8 Ways to Save Money on Homeowners Insurance

The median home price in the United States hovers around $200,000, which means your home is the biggest investment you’ll likely make in your life. The purpose of homeowner’s insurance is to protect that investment should it be damaged or destroyed. That said, it’s pretty important.

However, protecting such a big investment doesn’t have to cost a fortune. Once you think carefully about how much home owner’s insurance you need so that you’re adequately protected, there are plenty of ways to trim costs.

Let’s look at what insurers look at when they quote you a price, and go over several different tips you can use to save on your home insurance.

According to Insurance.com, the average yearly home insurance premium for a $200,000 home is $1,228.

However, costs vary wildly depending on where you live. In Florida, where homes are at a much higher risk of damage from storms and flooding, premiums are 191% higher; the average annual cost here is $3,575. You’ll find other states with the highest prices, such as Louisiana, Oklahoma, Alabama, Mississippi, Arkansas, Texas, and Kansas, are also the states most commonly hit with the worst storms (which means there’s a greater chance you’ll one day have to file a claim).

Hawaii, with its tropical climate and low risk of storms, has the lowest premiums. Costs here are 73% lower than the rest of the nation, averaging $337 annually.

As you might guess, prices continue to rise every year. For example, the Insurance Information Institute reports that between 2013-2014, homeowner’s insurance rates rose by 3%. Some years the increases have been as high as 7-8%.

Insurers look at dozens, if not hundreds, of factors when calculating premiums for a particular region. Here are just a few of the factors they consider:

Many of the factors that affect your insurance rates are outside of your control. However, there are steps you can take to lower your rates and save money.

Shopping around for insurance is important, as costs can vary quite a bit between companies. You can save anywhere from a few hundred dollars up to a thousand.

Talk to friends, family members, and colleagues. Who provides their home insurance? How long have they done business with them? Are they happy with the company? Have they ever had to make a claim? If so, what was their experience like?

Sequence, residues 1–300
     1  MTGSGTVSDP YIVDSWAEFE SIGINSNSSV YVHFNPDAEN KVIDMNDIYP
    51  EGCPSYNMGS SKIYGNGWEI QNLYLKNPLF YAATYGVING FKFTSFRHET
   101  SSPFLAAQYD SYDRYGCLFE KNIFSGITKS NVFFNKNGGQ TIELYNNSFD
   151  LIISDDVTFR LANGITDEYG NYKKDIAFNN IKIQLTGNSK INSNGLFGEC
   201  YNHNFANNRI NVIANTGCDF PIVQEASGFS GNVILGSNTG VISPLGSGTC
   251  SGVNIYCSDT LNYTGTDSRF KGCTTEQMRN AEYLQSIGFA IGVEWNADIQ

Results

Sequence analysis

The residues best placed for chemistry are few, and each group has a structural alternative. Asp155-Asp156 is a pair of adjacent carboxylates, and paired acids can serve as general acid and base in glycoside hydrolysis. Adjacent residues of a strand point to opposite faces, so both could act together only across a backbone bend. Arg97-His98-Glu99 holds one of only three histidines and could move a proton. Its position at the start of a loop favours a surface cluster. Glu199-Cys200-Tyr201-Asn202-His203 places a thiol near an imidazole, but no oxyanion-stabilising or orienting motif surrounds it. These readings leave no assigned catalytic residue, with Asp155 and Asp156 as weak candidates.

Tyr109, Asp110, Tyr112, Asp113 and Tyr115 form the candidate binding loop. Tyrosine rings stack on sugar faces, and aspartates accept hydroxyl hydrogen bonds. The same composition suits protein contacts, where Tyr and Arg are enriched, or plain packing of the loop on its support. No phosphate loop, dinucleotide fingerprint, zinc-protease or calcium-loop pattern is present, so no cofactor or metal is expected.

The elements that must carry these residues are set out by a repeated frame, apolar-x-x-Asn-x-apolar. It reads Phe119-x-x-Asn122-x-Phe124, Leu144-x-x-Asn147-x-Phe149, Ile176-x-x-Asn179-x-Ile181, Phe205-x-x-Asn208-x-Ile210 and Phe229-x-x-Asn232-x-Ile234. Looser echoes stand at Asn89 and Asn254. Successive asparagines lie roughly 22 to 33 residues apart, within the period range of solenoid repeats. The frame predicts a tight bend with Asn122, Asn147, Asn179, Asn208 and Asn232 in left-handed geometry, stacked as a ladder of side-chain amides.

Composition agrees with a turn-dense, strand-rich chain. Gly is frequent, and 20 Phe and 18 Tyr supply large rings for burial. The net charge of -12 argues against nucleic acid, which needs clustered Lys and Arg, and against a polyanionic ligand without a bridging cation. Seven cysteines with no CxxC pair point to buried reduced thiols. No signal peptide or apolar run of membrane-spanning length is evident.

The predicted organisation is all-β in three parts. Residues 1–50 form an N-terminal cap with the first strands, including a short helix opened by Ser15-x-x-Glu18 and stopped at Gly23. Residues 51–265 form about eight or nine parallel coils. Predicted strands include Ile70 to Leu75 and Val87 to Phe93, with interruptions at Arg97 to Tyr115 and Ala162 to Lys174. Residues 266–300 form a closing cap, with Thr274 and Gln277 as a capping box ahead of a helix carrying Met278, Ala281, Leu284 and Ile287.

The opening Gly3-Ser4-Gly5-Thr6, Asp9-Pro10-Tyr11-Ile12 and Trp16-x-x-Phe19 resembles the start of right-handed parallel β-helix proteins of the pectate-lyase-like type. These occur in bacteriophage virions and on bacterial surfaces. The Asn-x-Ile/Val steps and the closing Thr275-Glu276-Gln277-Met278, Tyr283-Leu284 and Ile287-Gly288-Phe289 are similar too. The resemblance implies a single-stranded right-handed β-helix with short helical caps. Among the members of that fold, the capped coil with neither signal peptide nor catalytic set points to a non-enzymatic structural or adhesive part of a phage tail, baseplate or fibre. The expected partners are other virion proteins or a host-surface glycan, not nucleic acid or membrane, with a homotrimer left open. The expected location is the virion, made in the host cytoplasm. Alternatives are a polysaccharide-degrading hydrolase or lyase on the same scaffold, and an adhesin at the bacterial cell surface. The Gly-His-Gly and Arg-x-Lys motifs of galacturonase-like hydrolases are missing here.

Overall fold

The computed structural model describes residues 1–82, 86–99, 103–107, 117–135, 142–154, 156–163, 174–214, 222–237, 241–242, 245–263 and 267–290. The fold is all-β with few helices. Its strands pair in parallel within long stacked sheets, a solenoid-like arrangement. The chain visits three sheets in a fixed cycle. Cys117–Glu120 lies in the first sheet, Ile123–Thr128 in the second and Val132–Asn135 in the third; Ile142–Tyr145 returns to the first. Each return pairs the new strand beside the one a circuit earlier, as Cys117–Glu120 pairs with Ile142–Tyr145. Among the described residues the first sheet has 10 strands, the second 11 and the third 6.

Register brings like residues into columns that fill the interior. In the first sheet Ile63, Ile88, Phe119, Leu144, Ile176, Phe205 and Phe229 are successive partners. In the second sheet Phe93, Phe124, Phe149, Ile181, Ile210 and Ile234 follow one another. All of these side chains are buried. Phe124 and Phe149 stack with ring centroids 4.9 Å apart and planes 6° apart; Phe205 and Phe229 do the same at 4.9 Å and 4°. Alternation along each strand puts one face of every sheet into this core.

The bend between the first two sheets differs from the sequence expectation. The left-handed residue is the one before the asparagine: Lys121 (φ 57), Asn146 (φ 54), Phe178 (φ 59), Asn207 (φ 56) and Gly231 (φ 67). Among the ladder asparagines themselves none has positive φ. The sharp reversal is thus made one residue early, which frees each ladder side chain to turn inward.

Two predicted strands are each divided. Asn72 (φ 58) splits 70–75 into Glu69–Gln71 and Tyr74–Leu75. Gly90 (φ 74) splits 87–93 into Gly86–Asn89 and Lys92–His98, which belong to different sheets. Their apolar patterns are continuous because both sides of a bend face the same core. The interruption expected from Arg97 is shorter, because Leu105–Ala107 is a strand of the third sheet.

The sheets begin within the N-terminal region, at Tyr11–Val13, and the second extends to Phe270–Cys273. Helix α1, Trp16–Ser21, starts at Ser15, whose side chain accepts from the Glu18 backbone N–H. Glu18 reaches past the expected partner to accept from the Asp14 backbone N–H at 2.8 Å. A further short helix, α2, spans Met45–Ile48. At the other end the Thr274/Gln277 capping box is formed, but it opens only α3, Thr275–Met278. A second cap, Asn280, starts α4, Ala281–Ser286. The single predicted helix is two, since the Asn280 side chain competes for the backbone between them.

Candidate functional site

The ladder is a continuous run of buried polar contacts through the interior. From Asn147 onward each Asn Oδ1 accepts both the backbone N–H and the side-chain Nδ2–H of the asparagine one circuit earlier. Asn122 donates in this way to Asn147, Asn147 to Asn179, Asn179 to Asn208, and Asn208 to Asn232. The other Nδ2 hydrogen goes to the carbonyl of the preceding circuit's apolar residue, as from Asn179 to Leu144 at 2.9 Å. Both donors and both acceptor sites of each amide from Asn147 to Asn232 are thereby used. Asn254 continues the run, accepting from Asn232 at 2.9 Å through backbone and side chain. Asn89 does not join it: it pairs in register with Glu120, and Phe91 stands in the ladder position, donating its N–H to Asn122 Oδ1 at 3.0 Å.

The people you know can give you some great leads on which companies are best, and which should be avoided.

The downside to shopping around is that it can take quite a bit of time. You have to call, or go online, and provide detailed information to every company you want to obtain a quote from. Yes, it’s worth the effort because you can save a lot of money, but you’ll have to set aside several hours to get it done.

One way to avoid this is to contact a local independent insurance agent. Independent agents aren’t usually affiliated with one specific company; their job is to take your information and do the shopping for you to find the best rate, as well as answer questions about each policy.

Keep in mind, independent agents work on commission; however, the best agents are honest and knowledgeable about how much insurance you truly need. It’s also nice to have a local resource in the event that you do have to file a claim, as they can answer questions and help you through the process. You can find an independent agent through Trusted Choice, a website recommended by Consumer Reports.

When it comes to choosing your insurer, don’t consider cost alone. Consider their history of customer service, which will become very important if a tree falls through your living room or your kitchen catches fire. How quickly does each company send out a claims adjuster? How fast do they pay for repairs? How well do their customers rate them?

Check out insurance company ratings through J.D. Power and Associates; they rate home insurance providers on overall customer satisfaction, policy offerings, price, billing, interactions, and claims.

Lastly, research a company’s complaint record through National Association of Insurance Commissioners. You might get a good deal through one company, but if they have a history of giving customers a hard time over a legitimate claim, it’s not worth the savings.

Your deductible is how much money you pay out of pocket when you file a claim with the insurance company. Once you pay your deductible, the insurance company takes over and pays the rest. So, the higher your deductible, the lower your monthly premium.

While this can save you money in the short-term, it can be a costly mistake if you don’t have at least the amount of your deductible in your savings.

For example, raising your deductible from $500 to $1,000 can save you as much as 25% on your premium. However, if you don’t have at least $1,000 put away to pay your deductible, then you’re out of luck when something happens and you have to file a claim.

Use tools like automatic savings accounts to help you put aside money every month to pay for insurance deductibles and repair costs.

Like it or not, in most states your credit score will directly affect your premium. Insurance companies use credit scores to predict losses. The higher your score, the less likely it is that you’ll file a claim. In other words, you’re a safer bet, financially, than someone with a lower score.

It’s a good idea to find out your credit score before you start shopping for insurance; this way you won’t be hit with any surprises when you start talking to agents. If it’s less than perfect, you can start taking steps to rebuild your credit score.